I was disheartened because technology is currently dis-equalizing and technology is currently being misapplied. The dis-equalizing effects of technology on instruction are summarized in this paragraph:
Education technologists also continue to widen the digital divide between affluent and economically oppressed. Despite an industry-wide insistence that technology is not being developed to replace educators in the classroom, many poor school districts faced with massive budget cuts are implementing experimental blended learning programs reliant on “adaptive” and “personalized” software as a way to mitigate the effect of large class sizes on student learning. This means that students who attend costly private schools or live within rich school districts that can afford to employ more educators and maintain smaller class sizes receive much more personalized instruction from their teachers. Instead of receiving much-needed interaction and personalized learning directly from educators, poor students living in disadvantaged communities receive instruction from educational software that collects their data (which is likely to be sold), and have less individual instruction time from teachers than their affluent counterparts.
The dis-equalizing of instruction also extends to internet access. Affluent schools are not bound by the E-rate mandate to filer the internet because they do not qualify for that funding. Thus, a student in an affluent district is more likely to have access to ALL the information available and not the information that a district or federal officer deems “suitable”.
I was in agreement with the overarching theme of the article: our current use of technology overemphasizes regulation and monitoring and, consequently IS conditioning students to accept surveillance and screening as a way of life. Not only are we screening the content available to them by filtering the internet, but we are also increasingly monitoring their behavior out of school and gathering data on them that, arguably, should be shared with law enforcement.
I was intrigued because as I read the post I saw many paradoxes: instances where policy makers need to determine boundaries between the data collected in school and the data shared with other agencies and vendors. Some examples:
- CYBER-BULLYING: If schools are expected to deal with issues of cyber-bullying that most often occurs outside of school, shouldn’t they have the ability to monitor social media that students use? And once teachers and/or administrators start monitoring social media, what is their responsibility if they see a picture of one of their students with a beer can? a bong? naked? Do they call the police? Child services? Parents? As of four years ago when State legislatures were passing laws on cyber-bullying there were no clear answers to these questions.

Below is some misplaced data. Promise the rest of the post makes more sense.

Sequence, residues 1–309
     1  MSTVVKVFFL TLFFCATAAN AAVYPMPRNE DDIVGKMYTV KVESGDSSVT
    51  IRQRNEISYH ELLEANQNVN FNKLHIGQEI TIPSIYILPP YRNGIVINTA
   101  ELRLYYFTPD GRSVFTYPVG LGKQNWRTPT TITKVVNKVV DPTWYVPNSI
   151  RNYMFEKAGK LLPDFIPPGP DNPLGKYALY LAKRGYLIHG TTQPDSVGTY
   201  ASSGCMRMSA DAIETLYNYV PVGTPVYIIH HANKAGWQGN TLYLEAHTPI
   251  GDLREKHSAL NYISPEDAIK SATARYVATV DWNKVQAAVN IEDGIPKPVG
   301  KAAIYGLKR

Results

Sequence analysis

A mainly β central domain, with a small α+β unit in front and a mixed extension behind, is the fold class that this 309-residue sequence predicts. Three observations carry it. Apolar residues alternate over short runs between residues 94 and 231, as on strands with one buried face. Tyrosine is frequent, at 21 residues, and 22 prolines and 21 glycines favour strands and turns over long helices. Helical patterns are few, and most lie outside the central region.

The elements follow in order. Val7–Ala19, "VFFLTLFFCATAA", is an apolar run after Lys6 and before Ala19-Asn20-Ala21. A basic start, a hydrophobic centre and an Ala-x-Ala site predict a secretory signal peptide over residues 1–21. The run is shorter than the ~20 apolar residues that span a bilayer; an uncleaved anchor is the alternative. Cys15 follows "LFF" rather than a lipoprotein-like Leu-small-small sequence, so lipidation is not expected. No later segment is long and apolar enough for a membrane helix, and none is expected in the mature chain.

- ACADEMIC PERFORMANCE DATA: Schools can now determine how much time a student spends on homework that is assigned “on-line” and/or computer-based classwork that is assigned in class. Shouldn’t teachers use that data the same way they currently use graded homework and classwork assignments? Also, programmed instruction modules based on hierarchical content (e.g. Khan Academy curricula) provide a means for teachers to identify where students are “stuck” and where their intervention is needed. Shouldn’t a technologically savvy teacher use that kind of data?
- ACADEMIC INSTRUCTION DELIVERY: The whole notion of “flipped instruction” that provides the lecture as homework and classroom discussion and/or Q and A as means of delivering instruction can only work if students watch the lesson at home. This, in turn, requires the monitoring of off-campus activity by the student.
- GENERIC DATA COLLECTION AND USE: As noted in previous posts on analogous issues, schools already collect massive amounts of data on children, data that could be put to good use if it were more readily available to classroom teachers. A case in point: if IEPs were made available in a secure network to mainstream teachers it would provide an effective means of two-way communication between the school and the teacher.
- PAYING FOR TECHNOLOGY: School districts can’t get good software for a low price unless there is some kind of quid pro quo… and the quid pro quo is often the ability to collect marketing information on the students. FERPA, written in 1974, never envisioned the kind of massive data collection that is possible today and technology advocates haven’t figured out how to purchase the tools that many students have at home. FERPA needs to be reworked, a daunting task given the complex questions involved and the dysfunctional legislature.
Addressing these and other paradoxes will be crucial if we want to use technology to truly individualize instruction and to level the playing field. By dodging these questions we are increasing the digital divide and preparing our students for a world where they will be surveilled 24/7.